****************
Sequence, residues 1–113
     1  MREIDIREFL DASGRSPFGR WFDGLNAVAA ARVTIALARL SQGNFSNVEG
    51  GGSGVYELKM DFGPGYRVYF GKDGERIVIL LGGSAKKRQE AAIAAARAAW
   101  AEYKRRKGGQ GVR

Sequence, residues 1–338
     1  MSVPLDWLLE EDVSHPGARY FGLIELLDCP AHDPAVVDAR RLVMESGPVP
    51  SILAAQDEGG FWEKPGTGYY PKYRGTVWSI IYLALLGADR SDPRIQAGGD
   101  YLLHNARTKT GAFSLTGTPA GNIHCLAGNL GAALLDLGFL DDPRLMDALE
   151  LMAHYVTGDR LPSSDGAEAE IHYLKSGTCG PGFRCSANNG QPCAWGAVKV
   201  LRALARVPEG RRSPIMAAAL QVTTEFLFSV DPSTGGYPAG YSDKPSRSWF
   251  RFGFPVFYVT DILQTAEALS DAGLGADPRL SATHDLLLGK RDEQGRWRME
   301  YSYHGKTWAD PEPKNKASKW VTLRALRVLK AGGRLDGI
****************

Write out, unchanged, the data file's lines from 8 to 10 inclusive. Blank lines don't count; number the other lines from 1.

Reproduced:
   101  YLLHNARTKT GAFSLTGTPA GNIHCLAGNL GAALLDLGFL DDPRLMDALE
   151  LMAHYVTGDR LPSSDGAEAE IHYLKSGTCG PGFRCSANNG QPCAWGAVKV
   201  LRALARVPEG RRSPIMAAAL QVTTEFLFSV DPSTGGYPAG YSDKPSRSWF